04 July 2012, Sweetcrude, LONDON – AFRICA-FOCUSED British firm, Tullow Oil Plc, says it expects revenues for the first half of the year to hit a record high of $1.15 billion, resulting from increased production.
The company’s production for the first half of the year averaged 77,400 barrels of oil equivalent per day, up from and average of 75,350 boepd during the first half of 2011.
Tullow, which discovered Kenya’s first oil earlier this year, already produces oil in Ghana and is set to commence production in Uganda.
The company said realised commodity prices during the first half of 2012 were on par with the previous year, with the realised oil price averaging about $114.20 per barrel pre hedge, or $110.6 billion post hedge, while the realised UK gas price was about 58.4 pence per therm.
The company expects total exploration write-offs and asset value reductions for the first half of the year to total about $440 million.
That figure includes about $80 million related to write-offs associated with unsuccessful exploration activities in Sierra Leone, the Ivory Coast and Tanzania, as well as new ventures activity and licence relinquishments.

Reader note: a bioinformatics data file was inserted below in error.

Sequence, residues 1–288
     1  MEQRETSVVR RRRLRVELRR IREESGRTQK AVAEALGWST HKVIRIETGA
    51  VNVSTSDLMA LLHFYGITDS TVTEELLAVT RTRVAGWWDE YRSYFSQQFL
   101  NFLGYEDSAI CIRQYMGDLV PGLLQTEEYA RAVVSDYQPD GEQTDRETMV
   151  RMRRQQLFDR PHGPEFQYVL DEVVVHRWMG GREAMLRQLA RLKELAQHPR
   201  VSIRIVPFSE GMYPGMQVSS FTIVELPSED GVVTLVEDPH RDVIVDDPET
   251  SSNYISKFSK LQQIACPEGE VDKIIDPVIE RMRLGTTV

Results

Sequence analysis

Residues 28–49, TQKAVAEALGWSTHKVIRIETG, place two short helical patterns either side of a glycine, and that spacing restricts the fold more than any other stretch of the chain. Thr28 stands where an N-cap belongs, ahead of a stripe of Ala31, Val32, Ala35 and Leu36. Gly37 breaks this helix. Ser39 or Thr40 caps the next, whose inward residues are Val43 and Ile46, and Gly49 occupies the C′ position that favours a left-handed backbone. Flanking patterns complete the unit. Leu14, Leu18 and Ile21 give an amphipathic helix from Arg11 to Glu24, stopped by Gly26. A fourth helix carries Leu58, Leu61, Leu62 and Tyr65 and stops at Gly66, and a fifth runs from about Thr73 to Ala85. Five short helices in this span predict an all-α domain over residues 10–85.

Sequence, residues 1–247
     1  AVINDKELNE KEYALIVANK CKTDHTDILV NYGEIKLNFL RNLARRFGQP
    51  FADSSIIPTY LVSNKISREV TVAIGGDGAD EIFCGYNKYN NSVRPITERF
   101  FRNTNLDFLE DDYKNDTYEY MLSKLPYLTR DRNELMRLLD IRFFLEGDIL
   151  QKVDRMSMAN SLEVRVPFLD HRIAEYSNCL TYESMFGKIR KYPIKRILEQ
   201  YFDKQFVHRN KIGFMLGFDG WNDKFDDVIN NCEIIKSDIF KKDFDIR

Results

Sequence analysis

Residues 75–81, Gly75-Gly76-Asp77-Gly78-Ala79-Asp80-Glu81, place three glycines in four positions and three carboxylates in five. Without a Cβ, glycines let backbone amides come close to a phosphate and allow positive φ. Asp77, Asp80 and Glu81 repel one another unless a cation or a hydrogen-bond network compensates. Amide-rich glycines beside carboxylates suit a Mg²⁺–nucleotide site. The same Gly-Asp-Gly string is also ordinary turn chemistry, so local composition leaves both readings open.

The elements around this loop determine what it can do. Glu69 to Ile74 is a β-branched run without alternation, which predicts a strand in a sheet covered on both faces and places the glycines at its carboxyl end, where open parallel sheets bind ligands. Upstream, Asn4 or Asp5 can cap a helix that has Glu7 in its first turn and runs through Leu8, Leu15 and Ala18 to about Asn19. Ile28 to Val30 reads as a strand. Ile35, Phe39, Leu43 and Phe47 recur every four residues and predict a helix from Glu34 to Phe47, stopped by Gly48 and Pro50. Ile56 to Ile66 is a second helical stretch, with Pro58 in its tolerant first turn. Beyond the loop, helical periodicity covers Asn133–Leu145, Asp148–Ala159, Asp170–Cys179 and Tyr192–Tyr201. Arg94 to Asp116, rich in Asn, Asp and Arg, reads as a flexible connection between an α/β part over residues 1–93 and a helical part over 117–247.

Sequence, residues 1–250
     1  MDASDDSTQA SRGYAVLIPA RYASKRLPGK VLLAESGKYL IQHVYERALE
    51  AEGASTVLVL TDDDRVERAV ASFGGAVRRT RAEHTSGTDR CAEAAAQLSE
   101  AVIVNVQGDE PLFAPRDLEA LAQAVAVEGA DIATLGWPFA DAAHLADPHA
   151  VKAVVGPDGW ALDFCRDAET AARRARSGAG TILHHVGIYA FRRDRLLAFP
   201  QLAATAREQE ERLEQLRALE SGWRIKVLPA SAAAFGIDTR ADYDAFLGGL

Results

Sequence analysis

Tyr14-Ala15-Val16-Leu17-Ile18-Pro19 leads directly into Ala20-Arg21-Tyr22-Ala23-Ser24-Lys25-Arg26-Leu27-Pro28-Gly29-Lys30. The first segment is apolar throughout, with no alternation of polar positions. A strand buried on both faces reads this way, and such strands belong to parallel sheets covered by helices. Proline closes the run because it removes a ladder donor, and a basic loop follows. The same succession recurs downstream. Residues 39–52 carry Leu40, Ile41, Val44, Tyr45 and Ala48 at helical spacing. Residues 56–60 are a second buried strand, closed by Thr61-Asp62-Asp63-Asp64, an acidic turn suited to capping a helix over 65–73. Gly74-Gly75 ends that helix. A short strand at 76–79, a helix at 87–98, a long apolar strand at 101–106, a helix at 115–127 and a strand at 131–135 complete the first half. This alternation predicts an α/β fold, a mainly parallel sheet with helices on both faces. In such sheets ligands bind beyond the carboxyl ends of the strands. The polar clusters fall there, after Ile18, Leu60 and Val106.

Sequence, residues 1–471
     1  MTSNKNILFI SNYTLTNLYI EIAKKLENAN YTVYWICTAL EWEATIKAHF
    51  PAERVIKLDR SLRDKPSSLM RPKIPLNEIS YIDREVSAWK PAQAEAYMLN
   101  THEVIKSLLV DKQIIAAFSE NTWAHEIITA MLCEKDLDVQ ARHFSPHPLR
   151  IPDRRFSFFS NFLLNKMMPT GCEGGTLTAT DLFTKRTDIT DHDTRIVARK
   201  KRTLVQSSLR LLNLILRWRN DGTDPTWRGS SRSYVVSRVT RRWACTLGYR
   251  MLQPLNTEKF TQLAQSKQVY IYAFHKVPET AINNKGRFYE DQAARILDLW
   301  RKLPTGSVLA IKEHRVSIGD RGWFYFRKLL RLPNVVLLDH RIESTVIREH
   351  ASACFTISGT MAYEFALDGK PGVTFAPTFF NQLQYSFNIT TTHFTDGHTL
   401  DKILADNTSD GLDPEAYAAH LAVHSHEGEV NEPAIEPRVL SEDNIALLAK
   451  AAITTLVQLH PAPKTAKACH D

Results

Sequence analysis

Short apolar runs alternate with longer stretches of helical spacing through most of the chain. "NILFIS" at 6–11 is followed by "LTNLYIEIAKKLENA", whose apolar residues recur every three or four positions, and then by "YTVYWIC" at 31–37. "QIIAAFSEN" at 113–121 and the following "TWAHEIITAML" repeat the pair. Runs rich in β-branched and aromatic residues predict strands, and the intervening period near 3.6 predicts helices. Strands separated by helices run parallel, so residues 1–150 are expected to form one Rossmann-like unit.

A review of Tullow’s exploration asset values also resulted in an additional write-down of about $360 million.
Tullow also said it expected the $2.9 billion farm-down of its acreage in Uganda to Total and China National Offshore Oil Corporation earlier this year to generate a post-tax profit of $558 million in relation to the deal.
Capital expenditure for the year up to 30 June amounted to about $900 million and the company forecasts full year capital expenditure to total $2 billion, based on current estimates and work programmes, with 60% of the investment to be allocated to exploration and appraisal activities.
Tullow has continued to address the decline in productivity of some of the wells at its Jubilee field, off Ghana, during the first half of the year.
Gross output at the field averaged 63,100 barrels of oil per day during the first six months of the year, but Tullow added output had reduced to about 63,000 bpd currently with a number of wells temporarily offline for ongoing acid stimulation activity.
However, it expects output to ramp up in the second half of the year however as a result of its acidisation programme and as new Phase 1A wells are brought onstream during the fourth quarter.
As a result it has forecast full year production to average between 70,000 and 80,000 bpd as output is expected to ramp up to an average of 90,000 bpd by the end of the year as it looks to hit plateau production of 120,000 bpd in 2013.